John Harwood

 

On his book The Interface: IBM and the Transformation of Corporate Design, 1945-1976

Cover Interview of April 11, 2012

The wide angle

The Interface is an attempt to explain how computing became an essential aspect of everyday life.  This wasn’t always the case, and it wasn’t always certain that it would be.

Since Edmund C. Berkeley published his heady exposé Giant Brains, or Machines that Think, in 1949, and in scientific writing (whether fact or fiction) well before then, the specter of a machine that could mimic the activity of the human mind had haunted experts and laypersons alike.  Fear and doubt reigned supreme: of unbridled technocracy, of “depersonalization,” automation, and, above all, of the possible threat that the computer presented to a received humanist tradition (Can a machine be said to “think”? And if so, does it think “better” than a human being?).  In short, the world once wondered: What would a computerized world look like?

IBM addressed this anxiety in numerous ways, but it was not successful in allaying these fears until it embarked upon its sustained engagement with design as a means of convincing the public of the efficacy and wonder of its machines.  It was not until the company’s managers realized that creating a mass market for computers was a problem of visuality, space, and experience—that is, an aesthetic problem—that they made any headway with skeptics.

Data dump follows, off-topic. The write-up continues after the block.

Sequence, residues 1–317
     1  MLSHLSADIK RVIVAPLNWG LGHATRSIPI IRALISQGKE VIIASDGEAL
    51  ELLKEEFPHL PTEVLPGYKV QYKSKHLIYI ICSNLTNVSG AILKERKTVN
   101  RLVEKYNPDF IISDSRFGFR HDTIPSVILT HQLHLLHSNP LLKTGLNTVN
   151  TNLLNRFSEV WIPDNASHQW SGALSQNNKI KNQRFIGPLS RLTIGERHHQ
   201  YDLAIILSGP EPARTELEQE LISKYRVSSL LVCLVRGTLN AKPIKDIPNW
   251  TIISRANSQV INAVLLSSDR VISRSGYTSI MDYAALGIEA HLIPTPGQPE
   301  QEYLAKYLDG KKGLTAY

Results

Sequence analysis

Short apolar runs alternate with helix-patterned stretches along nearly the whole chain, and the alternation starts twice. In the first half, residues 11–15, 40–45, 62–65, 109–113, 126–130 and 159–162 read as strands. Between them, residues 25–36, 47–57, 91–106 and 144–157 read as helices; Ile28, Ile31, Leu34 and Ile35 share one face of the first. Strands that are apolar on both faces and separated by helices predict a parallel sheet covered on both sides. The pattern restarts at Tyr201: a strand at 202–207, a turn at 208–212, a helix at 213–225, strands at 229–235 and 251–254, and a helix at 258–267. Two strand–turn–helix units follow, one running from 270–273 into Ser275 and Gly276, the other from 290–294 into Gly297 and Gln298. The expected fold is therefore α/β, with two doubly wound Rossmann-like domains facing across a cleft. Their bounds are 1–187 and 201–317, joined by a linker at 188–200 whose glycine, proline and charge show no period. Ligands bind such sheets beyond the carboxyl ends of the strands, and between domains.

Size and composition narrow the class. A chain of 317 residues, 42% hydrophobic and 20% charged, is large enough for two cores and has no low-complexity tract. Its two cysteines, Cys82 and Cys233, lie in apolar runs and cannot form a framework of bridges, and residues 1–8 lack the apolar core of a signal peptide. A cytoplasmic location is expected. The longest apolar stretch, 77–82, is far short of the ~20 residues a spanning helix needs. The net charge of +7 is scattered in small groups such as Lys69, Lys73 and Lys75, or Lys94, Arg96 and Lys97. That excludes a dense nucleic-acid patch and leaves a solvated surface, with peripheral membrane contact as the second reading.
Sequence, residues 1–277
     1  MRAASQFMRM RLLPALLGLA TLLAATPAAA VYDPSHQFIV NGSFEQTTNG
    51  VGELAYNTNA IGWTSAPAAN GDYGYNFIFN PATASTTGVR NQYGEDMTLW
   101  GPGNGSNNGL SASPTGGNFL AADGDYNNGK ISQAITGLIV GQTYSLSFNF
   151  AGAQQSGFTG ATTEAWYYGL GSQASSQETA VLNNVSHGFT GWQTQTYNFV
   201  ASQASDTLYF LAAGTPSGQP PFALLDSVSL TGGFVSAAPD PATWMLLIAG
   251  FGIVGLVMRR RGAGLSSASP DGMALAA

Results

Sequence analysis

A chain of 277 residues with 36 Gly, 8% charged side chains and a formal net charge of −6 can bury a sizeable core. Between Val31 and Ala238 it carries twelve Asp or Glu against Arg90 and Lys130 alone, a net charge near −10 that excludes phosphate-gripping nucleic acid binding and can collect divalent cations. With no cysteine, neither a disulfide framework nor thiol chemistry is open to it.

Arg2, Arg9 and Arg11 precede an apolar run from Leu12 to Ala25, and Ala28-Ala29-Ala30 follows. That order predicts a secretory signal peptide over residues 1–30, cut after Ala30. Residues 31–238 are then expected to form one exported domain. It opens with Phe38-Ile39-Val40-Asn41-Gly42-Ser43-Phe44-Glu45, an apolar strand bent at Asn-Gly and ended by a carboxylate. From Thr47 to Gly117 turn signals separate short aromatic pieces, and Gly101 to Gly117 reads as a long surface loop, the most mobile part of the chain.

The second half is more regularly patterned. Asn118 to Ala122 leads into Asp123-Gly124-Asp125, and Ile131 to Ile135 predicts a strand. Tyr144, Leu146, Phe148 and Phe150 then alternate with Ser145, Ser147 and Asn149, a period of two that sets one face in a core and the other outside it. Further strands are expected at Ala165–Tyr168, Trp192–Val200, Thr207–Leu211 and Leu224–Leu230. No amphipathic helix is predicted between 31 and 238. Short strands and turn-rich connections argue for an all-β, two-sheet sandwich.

IBM’s designers—particularly Eliot Noyes, Paul Rand, and Charles Eames—performed the crucial work of naturalizing the computer.  This involved understanding the full sweep of natural and applied sciences being rapidly redefined in the post-WWII era, and then representing that discourse through every medium at the designers’ disposal.  Crucially, this involved an intentionally paradoxical pair of claims: first, that the computer was a “tool” like any other, wholly natural and conventional; and second, that the computer was a magical device that would wholly transform every aspect of human life.

This may seem like a rather odd subject for an art and architectural historian.  However, I have always been interested in the intersections between architecture, science, and economics.  Far from viewing architecture as a helpless discipline, subject to the whims of the market, I claim that architecture has a vital role in articulating the fundamental visual and material aspects of our world.